The Maze District of Canyonlands is the most remote district. You'll need to be self-sufficient and a hardly high-clearance vehicle to even make it to the park. It's as far away from civilization that you can get to in the lower 48 states and you'll have to come prepared as such if you're going to attempt it. Definitely allow at least a week for this. Entrances are from UT 24 (opposite Goblin Valley State Park turnoff) or from I-70 near Green River.

Natural Bridges National Monument: Right at the junction of UT 95 and UT 261. The small park sits south of Canyonlands NP and is pretty much in the middle of nowhere (2.5 hours south of Moab via US-191, UT-95, UT-275, or 4.5 hours from Escalante via UT-12, UT-24, UT-95, UT-275).

Monument Valley Tribal ParkMonument Valley Tribal Park: on the Arizona/Utah border on US 163 between Kayenta, AZ and Mexican Hat, UT. Can pass by Utah State Parks of Goosenecks (turnoff US 313) and the Valley of the Gods along the way. Monument Valley is about 3 hours south of Moab or 6 hours east of Escalante.

Glen Canyon National Recreation Area: this area encompasses the manmade lake of Lake Powell. Page, AZ is the main developed area as that's where the dam responsible for the lake is located. Page, AZ is about 9 hours from Los Angeles via I-15, UT-9 (through Zion NP), US-89.

There's also a separate marina at Hite, UT, which is off the remote Bicentennial Hwy UT 95. Far less developed out there, it's also the less popular spot to be launching a boat into Lake Powell though much quieter.

Antelope Canyon near Page, AZPage is a good base for canyon adventures as well as aquatic endeavors. The Paria Canyon-Vermilion Cliffs National Monument is nearby as well as the Rainbow Bridge National Monument.

There's also the dramatic cathedral-like Antelope Canyon just southeast of town.

Grand Canyon National Park: there are two distinct regions of the park separated by the Colorado River.

The North Rim is accessible via AZ 67 whose turnoff is near Jacob Lake. The nearest major developments are Page, AZ (about 2 hours northeast via US89 and ALT-89 then south on AZ 67) and Hurricane, UT (over 2 hours southeast via UT59, AZ389, ALT-89 then AZ67). Hurricane, UT is between St George, UT and Springdale, UT on the UT9.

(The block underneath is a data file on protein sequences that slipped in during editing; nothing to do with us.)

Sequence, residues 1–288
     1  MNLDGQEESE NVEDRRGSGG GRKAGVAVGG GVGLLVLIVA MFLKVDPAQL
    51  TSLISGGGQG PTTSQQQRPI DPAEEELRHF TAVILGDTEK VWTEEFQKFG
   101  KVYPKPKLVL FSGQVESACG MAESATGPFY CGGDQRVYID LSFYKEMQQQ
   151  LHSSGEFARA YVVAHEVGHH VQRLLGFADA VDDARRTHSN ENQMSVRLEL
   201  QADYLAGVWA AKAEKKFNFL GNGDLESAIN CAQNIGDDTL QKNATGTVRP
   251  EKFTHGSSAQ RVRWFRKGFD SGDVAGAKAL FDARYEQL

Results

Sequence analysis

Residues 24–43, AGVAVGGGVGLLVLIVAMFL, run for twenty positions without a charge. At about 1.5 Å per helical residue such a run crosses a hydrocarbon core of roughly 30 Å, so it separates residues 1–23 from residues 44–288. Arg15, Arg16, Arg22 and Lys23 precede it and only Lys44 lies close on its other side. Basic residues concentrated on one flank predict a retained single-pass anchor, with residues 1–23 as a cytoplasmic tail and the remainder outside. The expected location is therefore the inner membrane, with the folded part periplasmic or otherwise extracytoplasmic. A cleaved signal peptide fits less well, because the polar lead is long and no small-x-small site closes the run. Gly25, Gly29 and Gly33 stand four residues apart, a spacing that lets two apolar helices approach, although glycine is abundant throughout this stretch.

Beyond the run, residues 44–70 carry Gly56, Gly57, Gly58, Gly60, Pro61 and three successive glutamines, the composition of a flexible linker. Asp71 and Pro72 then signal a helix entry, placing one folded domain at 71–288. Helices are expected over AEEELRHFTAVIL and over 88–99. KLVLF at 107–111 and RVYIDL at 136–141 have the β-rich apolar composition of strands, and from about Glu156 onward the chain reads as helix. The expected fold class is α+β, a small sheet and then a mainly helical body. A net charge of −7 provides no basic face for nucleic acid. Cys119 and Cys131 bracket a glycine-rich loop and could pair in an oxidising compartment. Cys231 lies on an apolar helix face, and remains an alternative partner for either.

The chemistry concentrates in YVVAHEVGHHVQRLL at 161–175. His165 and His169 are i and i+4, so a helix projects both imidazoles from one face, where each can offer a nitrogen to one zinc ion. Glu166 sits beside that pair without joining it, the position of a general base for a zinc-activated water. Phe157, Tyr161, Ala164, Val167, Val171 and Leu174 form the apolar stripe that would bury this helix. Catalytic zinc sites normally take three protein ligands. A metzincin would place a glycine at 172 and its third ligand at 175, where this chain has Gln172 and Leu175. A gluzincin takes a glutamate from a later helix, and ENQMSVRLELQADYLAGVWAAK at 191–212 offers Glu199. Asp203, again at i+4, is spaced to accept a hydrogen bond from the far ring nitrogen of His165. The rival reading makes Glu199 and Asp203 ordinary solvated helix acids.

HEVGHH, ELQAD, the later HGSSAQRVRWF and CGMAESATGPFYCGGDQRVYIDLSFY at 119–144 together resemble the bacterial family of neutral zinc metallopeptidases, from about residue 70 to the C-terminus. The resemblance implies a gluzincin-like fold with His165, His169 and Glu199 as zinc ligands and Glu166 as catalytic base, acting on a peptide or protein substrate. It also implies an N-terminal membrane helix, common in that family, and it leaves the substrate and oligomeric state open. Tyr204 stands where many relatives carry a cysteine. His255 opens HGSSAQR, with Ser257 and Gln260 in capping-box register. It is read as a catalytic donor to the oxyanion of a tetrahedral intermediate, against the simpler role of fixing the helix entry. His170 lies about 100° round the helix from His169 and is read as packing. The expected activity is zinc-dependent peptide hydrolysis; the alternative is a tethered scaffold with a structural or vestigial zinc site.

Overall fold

The South Rim from Los Angeles, is about 8 hours of driving. The highways involved are I-15, I-40 (turnoff near Barstow, CA), then AZ-64 into the Grand Canyon Village. There are long stretches without gas on the I-40 so make sure you don't take a chance at running out of fuel in the middle of nowhere are fill up when you can.

Havasupai Indian ReservationThe Havasupai Indian Reservation is a side canyon of the Grand Canyon, but is watched over by the Havasupai Indian Tribe instead of the National Park Service. Getting here is quite out-of-the-way as you first have to drive to a trailhead, then hike or horseback or helicopter for 8-miles to the remote village of Supai. From Los Angeles to the Hualapai Hilltop (the car park and trailhead), it's about 7.5 hours nonstop along the I-15, I-40, AZ66 (the historical route 66), BIA18 (near Peach Springs). Given the remote nature of the drive and hike (tack on another 5-6 hours), some people actually sleep in their cars at the trailhead before hiking to Supai. In our case, we spent a night at Laughlin, NV then did a pre-dawn drive to the Hualapai Hilltop ultimately starting our hike at around 7:30am. For a place as remote as this, you'll be shocked to find that parking is not necessarily easy to find at the Hualapai Hilltop.